Handmade Gift Exchange

After reading a post on my sister’s blog and in a moment of complete spontaneity, I signed up for this holiday gift exchange.
And because I’d never done anything like it, the next day I wondered what on earth I’d done.  I also wondered what I could make and how I’d find time to do it.

Well, somehow I found time late in the night last weekend, and here is the gift I made:

It’s an accent pillow, simply constructed with a gorgeous ribbon band around one side.  Thanks to my mother-in-law I found this amazing ribbon.

It’s got some shimmer to it, so it catches the light in such a pretty way and appears to have several shades of green in it.  I decided it would be fun to use in some holiday decorating, thus the idea of sewing it onto a pillow was born.  I used a beautiful white damask weave fabric for the pillow cover, which I think is understated but slightly sophisticated.  You can see the design on the right side of the pillow below.

It’s got a zipper closure so it can be easily removed and replaced with another pillow cover, or for washing.  It was a bit tricky to work with so many little layers of ribbon near the zipper but I think it turned out ok.

I tried to choose a size that could work well on a bed, couch, or even alone on a chair.  I think it would look pretty with any Christmas decor, but I’m hoping that since it’s only green and white it might be enjoyed during any season.

It’s in the mail and should arrive at its new home today.  I hope that my exchange partner likes it.  I’m both excited and nervous to hear that it has arrived.  In hindsight I’m really glad I participated in this exchange because it pushed me to try something new and gave me a deadline.  This guaranteed me a small window of time for creativity, something I was needing.  It’s funny how making things can make my world better.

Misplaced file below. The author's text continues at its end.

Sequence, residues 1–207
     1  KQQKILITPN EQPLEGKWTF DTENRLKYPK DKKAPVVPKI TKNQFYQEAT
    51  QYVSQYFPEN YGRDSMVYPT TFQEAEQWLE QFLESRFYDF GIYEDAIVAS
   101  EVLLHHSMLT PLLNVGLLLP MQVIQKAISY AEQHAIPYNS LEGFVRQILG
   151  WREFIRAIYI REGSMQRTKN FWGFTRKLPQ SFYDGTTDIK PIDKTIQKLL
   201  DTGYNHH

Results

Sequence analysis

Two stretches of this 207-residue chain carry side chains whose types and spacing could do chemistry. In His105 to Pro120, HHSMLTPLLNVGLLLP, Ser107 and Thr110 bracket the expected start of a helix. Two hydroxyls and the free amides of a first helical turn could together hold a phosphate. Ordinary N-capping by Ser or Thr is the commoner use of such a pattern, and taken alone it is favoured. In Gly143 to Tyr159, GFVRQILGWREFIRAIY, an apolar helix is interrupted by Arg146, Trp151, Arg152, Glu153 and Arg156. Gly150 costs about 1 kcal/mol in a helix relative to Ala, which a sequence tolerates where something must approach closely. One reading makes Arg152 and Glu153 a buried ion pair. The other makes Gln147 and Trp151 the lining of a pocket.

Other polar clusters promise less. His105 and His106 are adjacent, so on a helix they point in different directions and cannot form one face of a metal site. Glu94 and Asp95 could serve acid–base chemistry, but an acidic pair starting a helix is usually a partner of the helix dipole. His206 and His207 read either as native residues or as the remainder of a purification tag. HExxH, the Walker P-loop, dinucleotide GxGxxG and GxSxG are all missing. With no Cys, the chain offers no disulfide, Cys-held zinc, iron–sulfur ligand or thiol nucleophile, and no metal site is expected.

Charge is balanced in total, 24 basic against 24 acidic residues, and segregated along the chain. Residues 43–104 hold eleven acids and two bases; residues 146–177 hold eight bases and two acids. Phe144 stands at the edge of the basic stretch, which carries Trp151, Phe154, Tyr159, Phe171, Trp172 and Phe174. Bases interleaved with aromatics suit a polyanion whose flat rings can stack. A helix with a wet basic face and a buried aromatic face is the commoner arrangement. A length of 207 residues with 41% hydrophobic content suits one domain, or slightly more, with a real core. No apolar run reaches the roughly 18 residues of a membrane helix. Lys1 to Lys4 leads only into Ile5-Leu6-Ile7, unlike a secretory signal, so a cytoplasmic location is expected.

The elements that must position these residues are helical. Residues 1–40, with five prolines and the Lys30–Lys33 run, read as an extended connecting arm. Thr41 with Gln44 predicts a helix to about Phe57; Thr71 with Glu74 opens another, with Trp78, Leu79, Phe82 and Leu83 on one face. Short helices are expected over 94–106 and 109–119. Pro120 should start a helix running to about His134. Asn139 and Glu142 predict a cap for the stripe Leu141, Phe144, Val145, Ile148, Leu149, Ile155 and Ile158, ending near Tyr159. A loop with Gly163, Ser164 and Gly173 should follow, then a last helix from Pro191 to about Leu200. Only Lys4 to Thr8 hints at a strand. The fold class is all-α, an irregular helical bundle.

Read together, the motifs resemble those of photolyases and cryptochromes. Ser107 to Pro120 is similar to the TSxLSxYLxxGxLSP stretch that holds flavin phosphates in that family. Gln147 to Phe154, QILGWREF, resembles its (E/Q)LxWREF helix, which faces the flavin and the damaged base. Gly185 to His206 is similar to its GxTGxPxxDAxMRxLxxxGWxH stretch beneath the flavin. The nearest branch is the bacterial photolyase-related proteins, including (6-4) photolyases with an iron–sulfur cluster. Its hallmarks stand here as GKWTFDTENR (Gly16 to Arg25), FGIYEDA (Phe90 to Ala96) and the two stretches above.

In fact, I’m thinking about making one for our house as well…

edited to note:  I did make another one, and you can find the tutorial here

Hopeful Homemaker post shared here and here

Ribbon Clothespins

After introducing my new reminder tree to our family earlier this week, my children have enjoyed clipping their information in a fun new place where it’s easy to see.  Tonight when my daughter brought home a one inch wide note about her gymnastics meet (which I had forgotten) we knew right where to put it!  To make it even more fun, I decided to embellish our clothespins with ribbon.  My ribbon organizer is inspiring me to use my ribbon more often.

All you need is ribbon, clothespins, scissors and a hot glue gun.

First I measured and cut my ribbon.  With a hot glue gun, I simply went around the clothespin and carefully adhered the ribbon to it.

Repeat the process with as many clothespins as you want!

I think they add a fun bit of personality to my topiary-turned-reminder station project.

This quick project made me happier than I anticipated.  Suddenly I’m thinking of all the places I can use these cute clothespins!  They will definitely be making appearances in more areas of my house.

ribbon clothespins

Happy, cheerful, useful.  This was also a no cost project, since I used ribbon scraps and clothespins I had on hand.  If you need to buy clothespins, I found a package of 18 for $1.50 at my local grocery store.  Not bad!  (In this economy, it’s kind of fun to discover things that cost less than $2.00).

What would you use them for?

Jennifer shared at The Inspired Room

Handmade Easter Basket DIY

Ribbon embellished Easter basket

Easter is a holiday that means more to me with every passing year but I don’t enjoy the thought of spending a lot of money on the commercialized aspects of the holiday.   I see the cute Easter baskets for sale in the stores and think that I could just make my own, but I never have… until today.

Instead of the traditional brightly colored baskets, I decided to make one in a more subdued color scheme.  I used an unbleached cotton for the outside, white on white damask for the lining, and white and cream ribbons from May Arts to decorate it.